Five reasons to try the new Razor-qt Linux desktop

Particularly on older hardware, this lightweight contender can offer a speedy alternative.

By Katherine Noyes, PC World |  Hardware, Linux, Razor-qt

Razor-qt and KDE may both be based on Qt, but one big difference that sets Razor-qt apart is that it is so lightweight, and can work well with lower-powered machines. Included in the software are a desktop and panel, an application launcher, a settings center, and session components, but it's up to the user to decide which of those they want to use.

3. A raft of new plug-ins

4. New tools

A new appearance GUI for configuring themes, meanwhile, implements a new way of handling sizes and layouts, for example, and refreshing themes. Then, too, there's a new notifications daemon and a notepad widget now available on the desktop.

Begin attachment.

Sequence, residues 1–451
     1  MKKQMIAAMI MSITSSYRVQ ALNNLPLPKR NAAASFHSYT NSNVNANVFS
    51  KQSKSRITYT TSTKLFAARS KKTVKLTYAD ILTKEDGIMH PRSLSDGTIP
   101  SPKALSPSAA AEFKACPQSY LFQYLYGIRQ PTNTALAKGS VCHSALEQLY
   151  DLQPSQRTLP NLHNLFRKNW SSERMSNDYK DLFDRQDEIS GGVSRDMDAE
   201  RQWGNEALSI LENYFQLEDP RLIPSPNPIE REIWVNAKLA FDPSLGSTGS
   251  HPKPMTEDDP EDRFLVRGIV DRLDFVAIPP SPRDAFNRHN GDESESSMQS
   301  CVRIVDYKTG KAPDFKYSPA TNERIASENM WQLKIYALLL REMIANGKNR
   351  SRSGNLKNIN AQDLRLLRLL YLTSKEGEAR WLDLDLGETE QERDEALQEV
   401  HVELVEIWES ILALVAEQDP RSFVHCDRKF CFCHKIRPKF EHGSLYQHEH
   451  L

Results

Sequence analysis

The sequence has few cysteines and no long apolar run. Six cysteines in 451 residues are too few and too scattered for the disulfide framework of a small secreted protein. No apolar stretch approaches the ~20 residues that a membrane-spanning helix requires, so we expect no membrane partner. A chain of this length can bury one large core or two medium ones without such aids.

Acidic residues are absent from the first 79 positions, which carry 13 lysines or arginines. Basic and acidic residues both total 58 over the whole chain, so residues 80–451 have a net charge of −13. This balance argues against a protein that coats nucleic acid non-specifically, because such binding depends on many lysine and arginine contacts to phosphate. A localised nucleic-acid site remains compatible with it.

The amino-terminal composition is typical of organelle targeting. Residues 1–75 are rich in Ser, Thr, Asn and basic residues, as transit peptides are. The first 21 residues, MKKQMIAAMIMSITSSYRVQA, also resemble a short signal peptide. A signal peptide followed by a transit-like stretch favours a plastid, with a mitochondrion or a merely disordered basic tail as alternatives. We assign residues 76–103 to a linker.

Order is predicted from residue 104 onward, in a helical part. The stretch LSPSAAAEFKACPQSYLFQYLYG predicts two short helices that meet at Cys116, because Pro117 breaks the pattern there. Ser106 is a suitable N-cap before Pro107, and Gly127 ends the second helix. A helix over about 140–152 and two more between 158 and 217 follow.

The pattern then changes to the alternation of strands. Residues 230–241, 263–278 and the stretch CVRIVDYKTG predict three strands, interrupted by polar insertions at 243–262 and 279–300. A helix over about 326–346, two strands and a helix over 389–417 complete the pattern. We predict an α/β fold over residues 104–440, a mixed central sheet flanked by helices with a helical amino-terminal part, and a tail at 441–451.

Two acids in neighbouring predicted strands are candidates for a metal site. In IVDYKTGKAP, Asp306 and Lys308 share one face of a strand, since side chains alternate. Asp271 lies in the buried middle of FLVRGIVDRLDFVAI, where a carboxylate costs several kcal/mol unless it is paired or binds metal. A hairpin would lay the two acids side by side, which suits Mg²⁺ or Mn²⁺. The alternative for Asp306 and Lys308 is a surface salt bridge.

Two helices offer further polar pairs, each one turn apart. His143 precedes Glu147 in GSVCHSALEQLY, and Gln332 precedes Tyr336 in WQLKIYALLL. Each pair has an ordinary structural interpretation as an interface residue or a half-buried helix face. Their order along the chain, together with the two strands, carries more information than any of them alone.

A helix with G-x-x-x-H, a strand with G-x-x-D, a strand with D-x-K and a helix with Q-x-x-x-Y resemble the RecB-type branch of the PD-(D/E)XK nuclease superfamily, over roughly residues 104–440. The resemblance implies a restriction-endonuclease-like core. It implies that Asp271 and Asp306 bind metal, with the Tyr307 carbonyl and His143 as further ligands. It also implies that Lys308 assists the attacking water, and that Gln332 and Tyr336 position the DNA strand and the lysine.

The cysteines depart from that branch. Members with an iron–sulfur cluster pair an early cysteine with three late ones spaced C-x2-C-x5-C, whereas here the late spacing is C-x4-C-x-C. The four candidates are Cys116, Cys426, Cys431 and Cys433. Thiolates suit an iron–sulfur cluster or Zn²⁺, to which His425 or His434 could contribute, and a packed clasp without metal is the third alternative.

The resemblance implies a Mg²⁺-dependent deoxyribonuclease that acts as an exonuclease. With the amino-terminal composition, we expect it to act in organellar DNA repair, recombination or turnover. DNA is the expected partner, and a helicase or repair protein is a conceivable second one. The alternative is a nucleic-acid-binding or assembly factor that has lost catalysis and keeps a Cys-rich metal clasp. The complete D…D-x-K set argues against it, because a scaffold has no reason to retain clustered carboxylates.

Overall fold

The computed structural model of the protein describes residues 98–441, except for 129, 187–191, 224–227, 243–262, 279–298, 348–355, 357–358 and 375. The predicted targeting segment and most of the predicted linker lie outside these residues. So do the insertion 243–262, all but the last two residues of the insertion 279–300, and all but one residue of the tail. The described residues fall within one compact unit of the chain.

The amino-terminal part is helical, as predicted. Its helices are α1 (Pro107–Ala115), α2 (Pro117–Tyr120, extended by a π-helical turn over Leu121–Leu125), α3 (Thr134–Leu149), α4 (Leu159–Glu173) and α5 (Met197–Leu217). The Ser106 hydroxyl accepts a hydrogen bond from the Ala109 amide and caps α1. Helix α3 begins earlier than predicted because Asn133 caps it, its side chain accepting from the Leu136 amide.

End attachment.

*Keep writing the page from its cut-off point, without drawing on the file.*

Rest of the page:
5. New bug fixes and translations

Last but not least, numerous bugs have been fixed and translations added in this new release, delivering new stability and accessibility to users around the globe.

Razor-qt 0.5.0 is now available as a free download from the project site, and packages for Linux distributions including Ubuntu, Fedora, and Mageia are available through their official repositories.

If you're tired of the dominant desktop choices out there--and particularly if you have older hardware--Razor-qt could be a nice option to test out.


Originally published on PC World |  Click here to read the original story.
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